The NN-XT features settings for how incoming MIDI Pitch Bend and Modulation wheel messages should affect the sound. The Pitch Bend Range is set on the remote editor panel (see “Pitch Bend Range”). by the same amount.Using the main panel All of the controls on the main panel are used for globally modifying certain parameters for all of the samples in a patch. you can use the two fully functional wheels on the NN-XT to apply real time modulation and pitch bend. and route these to various parameters. It can also be used for controlling a number of other parameters. You use the “Source” selector switch to determine which type of message should be received: • Aftertouch (Channel Pressure) 500 NN-XT SAMPLER . If you don’t have Pitch Bend or Modulation controls on your keyboard. However. The wheels on the NN-XT will also mirror the movements of the wheels on your MIDI keyboard. ! Movements of the parameters on the main panel can be recorded as automation. • The Pitch Bend wheel is used for “bending” the played notes up and down to change their pitch . The External Control wheel This section can be used in three ways: Receiving MIDI controller messages from external sources NN-XT can receive common MIDI controller messages. or if you aren’t using a keyboard at all. • The Modulation wheel can be used for applying modulation to the sound while you’re playing.much like bending the strings on a guitar or other string instrument. as described in “The Modulation controls”. controls on the remote editor panel (described later) can not! The following is a description of the controls and parameters on the main panel. The Pitch and Modulation wheels Most MIDI keyboards come equipped with Pitch Bend and Modulation wheels.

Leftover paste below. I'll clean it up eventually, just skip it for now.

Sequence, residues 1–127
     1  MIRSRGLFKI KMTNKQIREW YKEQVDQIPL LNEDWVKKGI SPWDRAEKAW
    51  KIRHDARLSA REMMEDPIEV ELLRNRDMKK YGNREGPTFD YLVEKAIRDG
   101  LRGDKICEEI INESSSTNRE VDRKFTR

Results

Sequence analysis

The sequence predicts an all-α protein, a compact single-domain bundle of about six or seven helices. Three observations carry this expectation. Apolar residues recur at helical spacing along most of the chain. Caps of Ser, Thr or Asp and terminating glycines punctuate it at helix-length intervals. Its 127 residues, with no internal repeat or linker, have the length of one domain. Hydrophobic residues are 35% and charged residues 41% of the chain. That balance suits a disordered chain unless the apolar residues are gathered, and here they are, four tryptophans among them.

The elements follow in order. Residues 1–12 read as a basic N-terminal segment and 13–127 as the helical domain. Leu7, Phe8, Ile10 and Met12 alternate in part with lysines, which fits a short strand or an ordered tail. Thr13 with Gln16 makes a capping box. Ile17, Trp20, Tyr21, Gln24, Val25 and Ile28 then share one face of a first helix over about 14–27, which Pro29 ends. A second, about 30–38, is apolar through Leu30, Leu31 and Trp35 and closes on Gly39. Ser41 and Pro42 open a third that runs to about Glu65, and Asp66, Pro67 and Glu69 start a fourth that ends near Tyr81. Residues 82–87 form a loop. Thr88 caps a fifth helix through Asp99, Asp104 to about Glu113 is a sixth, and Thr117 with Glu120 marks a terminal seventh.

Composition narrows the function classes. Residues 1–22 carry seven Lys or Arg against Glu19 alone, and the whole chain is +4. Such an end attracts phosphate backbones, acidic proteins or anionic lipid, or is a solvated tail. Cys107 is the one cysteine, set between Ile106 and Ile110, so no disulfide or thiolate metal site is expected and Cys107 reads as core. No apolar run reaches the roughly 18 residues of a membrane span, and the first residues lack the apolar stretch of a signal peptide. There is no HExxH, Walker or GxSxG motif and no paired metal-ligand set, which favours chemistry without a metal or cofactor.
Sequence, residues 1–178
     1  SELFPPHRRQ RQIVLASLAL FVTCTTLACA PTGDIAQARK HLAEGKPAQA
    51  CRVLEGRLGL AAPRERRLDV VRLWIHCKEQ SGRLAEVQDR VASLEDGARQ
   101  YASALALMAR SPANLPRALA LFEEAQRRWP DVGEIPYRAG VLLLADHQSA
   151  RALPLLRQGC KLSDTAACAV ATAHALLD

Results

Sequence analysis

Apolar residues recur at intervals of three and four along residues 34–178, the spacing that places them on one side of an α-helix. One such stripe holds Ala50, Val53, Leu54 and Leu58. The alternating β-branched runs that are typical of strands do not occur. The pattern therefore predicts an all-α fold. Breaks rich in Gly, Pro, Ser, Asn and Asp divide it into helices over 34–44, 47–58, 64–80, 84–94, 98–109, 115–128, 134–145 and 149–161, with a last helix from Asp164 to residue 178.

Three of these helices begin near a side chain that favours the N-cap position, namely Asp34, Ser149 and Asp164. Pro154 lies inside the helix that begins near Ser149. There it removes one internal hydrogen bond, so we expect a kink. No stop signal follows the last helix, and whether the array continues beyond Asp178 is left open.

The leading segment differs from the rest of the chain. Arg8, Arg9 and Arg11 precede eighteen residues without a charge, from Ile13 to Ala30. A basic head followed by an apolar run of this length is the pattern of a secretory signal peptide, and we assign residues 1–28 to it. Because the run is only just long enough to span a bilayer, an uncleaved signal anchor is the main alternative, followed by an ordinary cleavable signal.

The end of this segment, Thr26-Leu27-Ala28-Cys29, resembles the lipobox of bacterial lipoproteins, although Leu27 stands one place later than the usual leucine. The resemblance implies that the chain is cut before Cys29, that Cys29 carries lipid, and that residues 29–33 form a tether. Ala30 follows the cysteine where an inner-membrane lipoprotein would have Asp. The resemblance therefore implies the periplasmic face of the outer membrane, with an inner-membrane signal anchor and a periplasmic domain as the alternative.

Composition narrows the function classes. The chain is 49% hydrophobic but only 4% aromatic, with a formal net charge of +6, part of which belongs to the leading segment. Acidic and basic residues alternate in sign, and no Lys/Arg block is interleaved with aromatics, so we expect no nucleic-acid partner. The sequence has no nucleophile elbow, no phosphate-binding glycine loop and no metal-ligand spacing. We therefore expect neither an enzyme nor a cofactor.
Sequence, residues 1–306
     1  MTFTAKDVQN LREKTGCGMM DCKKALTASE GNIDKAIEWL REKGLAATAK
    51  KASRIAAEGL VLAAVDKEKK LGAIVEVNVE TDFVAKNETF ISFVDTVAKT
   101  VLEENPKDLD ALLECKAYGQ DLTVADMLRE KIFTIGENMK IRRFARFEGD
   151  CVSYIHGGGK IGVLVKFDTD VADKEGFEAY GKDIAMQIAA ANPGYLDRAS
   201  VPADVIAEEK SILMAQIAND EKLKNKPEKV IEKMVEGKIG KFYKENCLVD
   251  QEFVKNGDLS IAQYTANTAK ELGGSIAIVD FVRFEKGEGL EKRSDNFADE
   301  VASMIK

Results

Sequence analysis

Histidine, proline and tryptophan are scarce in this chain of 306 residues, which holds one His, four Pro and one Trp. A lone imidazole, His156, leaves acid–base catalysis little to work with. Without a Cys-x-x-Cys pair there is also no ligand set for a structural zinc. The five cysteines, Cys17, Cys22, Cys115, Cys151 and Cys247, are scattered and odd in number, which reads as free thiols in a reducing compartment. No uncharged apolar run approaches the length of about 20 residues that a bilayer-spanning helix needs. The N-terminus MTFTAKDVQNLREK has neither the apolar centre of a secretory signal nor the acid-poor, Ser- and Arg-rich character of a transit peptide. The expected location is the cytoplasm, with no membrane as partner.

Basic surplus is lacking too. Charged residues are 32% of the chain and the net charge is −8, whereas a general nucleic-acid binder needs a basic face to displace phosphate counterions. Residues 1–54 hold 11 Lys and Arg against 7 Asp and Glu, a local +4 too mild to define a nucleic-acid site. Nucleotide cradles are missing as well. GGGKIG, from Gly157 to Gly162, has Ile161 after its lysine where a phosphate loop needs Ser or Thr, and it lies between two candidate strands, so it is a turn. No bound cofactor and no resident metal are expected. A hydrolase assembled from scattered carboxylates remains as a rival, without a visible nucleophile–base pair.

you can use the wheel instead. Again. The controls are. see “Recording parameter automation”. Global Controls All of these knobs change the values of various parameters in the remote editor panel and affect all loaded samples.so if you don’t need it. • High Quality Interpolation uses more computer power . from left to right: NN-XT SAMPLER 501 . no parameter change is applied. Which parameters should be modulated is set in the remote editor panel (see “The Modulation controls”). see “Recording performance controller automation”. which means that when they are centered. The knobs are bi-polar. you decrease the value. you can use these to modulate NN-XT parameters. Recording MIDI controller messages with the wheel The wheel in the external control section can be used for recording any or all of the three MIDI controller message types into the Reason sequencer. the sample pitch is calculated using a more advanced interpolation algorithm. the movements of these parameters can be recorded as automation. When it is activated. This is done just as with any other automation recording. it’s a good idea to turn it off! Listen to the sounds in a context and determine whether you think this setting makes any difference. Thus they can be used for quickly adjusting the overall sound. This results in better audio quality. High Quality Interpolation This switch turns High Quality Interpolation on and off. and by turning them to the left. If your MIDI keyboard isn’t capable of sending aftertouch messages or you don’t have access to an expression pedal or a breath controller.• Expression Pedal • Breath Control If your MIDI keyboard is capable of sending aftertouch messages. and/or if you have connected an expression pedal or a breath controller to it. especially for samples with a lot of high frequency content. By turning them to the right you increase the corresponding value. This is done just as with any other automation recording.